I always believed, as involved fathers go, I was pretty high up there if you were to grade my level of involvement. As soon as I walk in the door from work, I herd our almost 5-year old children to the dinner table, sometimes even remember to set it, too. We talk about their day, I give them their medicines and vitamins. I get them changed into their pajamas, take them to the bathroom, and even take them to bed five nights a week. When they wake up in the middle of the night upset, I’m the one they call. On the weekends, I spend almost every moment I can with them, even often having special time with them, just the three of us. I have even spent entire weekends just the three of us when my wife has gone away. I couldn’t imagine how I could be more involved, to be honest.
Well, I am learning, now that my wife has started working full-time, that there was a whole area of their life I was not at all involved in: their school.
My wife, Gem, stayed home to be with our kids after they were born and it was easily the best decision we made in terms of our children. Who better to be with them than someone who has the most incredible capacity for unconditional love of anyone I have ever met? During the first couple of years when they didn’t have school, she spent all day with them, and I really felt it was my job when I walked in the door to try to take over some of the primary parenting roles so she could get a little break. Of course, my getting involved also served to build a strong relationship with my children – something we both felt strongly about.
Leaving every morning was very hard for me – and for some time hard on my kids – and I learned when I walked out the door to put them in a special corner of my mind so I wouldn’t feel too guilty about leaving and could focus on work during the day. When our kids started going to preschool, I had very little to do with it. Gem would take them every morning, pick them up every afternoon, and when I got home I got to hear how their day went. I was not involved, because it wasn’t necessary or really at all possible for me to be involved. I couldn’t take them to school without showing up to work two hours late and couldn’t pick them up from school if I went to work. My lack of involvement in school meant that I didn’t know what was involved in them going to school.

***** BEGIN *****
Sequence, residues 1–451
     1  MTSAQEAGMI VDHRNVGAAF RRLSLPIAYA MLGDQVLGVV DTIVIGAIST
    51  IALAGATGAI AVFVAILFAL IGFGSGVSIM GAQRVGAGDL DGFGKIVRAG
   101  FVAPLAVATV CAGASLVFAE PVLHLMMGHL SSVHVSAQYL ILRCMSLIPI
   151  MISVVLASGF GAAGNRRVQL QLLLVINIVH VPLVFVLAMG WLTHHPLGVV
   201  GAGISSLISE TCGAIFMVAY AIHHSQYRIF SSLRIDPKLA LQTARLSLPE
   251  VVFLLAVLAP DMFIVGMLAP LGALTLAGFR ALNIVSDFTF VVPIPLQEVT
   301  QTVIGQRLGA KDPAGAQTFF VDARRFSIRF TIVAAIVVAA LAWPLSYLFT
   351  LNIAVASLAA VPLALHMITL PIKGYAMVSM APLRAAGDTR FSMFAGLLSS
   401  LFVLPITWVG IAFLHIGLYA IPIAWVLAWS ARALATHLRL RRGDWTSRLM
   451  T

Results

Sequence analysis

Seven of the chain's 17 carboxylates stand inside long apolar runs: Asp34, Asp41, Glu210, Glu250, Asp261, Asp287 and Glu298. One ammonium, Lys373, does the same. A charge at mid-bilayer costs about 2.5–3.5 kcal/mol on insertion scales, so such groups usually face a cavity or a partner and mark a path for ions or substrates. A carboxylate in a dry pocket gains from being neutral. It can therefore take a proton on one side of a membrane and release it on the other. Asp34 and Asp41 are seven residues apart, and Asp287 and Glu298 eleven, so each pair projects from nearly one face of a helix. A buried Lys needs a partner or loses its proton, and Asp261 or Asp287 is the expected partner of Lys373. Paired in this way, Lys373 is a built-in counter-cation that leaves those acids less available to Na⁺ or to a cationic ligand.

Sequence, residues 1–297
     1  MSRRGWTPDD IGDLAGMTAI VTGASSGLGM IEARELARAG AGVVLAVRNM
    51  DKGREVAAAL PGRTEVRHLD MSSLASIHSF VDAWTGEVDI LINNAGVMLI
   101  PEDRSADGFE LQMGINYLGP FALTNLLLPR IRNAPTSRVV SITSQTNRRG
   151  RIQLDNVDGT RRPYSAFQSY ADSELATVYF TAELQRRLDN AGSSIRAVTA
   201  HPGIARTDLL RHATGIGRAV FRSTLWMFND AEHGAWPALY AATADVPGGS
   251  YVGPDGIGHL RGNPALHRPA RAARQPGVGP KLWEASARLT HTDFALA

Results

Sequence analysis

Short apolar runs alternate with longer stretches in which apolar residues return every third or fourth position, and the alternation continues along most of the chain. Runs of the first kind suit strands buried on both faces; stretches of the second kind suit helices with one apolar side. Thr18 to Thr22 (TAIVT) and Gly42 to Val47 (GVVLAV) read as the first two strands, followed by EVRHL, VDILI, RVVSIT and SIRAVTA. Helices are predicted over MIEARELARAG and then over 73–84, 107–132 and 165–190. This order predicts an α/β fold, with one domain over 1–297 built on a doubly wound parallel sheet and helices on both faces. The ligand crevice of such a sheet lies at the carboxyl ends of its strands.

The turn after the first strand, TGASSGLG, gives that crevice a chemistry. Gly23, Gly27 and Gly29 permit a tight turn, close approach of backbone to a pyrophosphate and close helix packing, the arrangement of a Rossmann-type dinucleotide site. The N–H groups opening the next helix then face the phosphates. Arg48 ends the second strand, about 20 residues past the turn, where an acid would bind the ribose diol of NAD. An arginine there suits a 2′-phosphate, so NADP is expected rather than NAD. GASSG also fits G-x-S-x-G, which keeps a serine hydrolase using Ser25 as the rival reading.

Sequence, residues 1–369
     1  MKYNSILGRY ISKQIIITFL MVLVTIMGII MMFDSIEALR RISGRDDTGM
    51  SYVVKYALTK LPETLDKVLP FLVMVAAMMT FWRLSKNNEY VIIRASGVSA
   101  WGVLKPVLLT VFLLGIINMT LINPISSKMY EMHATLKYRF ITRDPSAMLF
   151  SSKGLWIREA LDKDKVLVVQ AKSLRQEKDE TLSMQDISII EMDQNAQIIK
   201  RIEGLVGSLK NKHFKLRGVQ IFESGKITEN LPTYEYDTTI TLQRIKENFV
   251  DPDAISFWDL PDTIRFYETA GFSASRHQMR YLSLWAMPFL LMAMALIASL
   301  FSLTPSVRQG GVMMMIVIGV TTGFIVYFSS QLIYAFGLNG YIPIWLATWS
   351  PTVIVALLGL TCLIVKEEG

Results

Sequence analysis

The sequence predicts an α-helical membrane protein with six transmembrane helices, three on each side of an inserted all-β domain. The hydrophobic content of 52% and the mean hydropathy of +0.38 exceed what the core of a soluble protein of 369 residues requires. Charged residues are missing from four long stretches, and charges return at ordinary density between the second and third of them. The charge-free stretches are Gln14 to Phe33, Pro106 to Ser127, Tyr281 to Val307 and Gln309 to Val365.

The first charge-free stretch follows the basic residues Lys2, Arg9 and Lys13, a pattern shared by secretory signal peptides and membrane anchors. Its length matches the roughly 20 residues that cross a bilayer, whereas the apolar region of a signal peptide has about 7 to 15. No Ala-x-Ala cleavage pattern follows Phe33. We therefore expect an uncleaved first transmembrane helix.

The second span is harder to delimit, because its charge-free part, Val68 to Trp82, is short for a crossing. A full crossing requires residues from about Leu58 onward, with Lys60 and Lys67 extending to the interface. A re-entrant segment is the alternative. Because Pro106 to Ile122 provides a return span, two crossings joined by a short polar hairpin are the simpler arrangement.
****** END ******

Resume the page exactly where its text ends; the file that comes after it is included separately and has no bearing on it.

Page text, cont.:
With Gem now working full-time, there are mornings where she has to leave early or nights when she comes home late. I love my wife deeply, but obviously she can not do everything, and I have found myself needing to step my game up a notch in order to meet the new challenges in our family life.
I have been making more dinners – certainly not one of my strengths, I have to say. But I am trying and learning. I try to remind myself the only way I will get better at it is if I do it more. I have been making their lunches as well and dealing with the notes from teachers, requests from other parents, and all of the stuff that I had no idea went on inside their backpacks every single day.
It is weird to not be so confident as a father again, to be unsure and uncertain like I was several years ago. When they were born, I had no confidence as a father and was always afraid I was doing something wrong. You can imagine that doing everything twice for my children helped me to get past that pretty quickly. But now I find myself once again entering uncharted territory, delving into something that has been done so well by my wife. While she does it with ease, I am stuck trying to figure out if they need one or two snacks or if they need juice (which I forgot to give them this morning). If I had to do it everyday I would get good at it pretty quickly, but I do it only a couple of times a week, if that much, and I don’t have the hang of it, yet.
But I am trying to be kind to myself, to understand that every time we do something new, we’re not perfect at it yet. Plus, my not doing it perfectly is better than my wife having to do everything herself. Besides, in another few weeks, I will probably be packing lunches like a pro, like my wife.
Until then…I hope nothing I do leaves them too hungry until they get back home.
Image credit: Lori
Jeremy Schneider is a fatherhood expert, syndicated columnist, and therapist specializing in parenting, relationships, and helping people overcome depression. Learn more about Jeremy at jgs.net.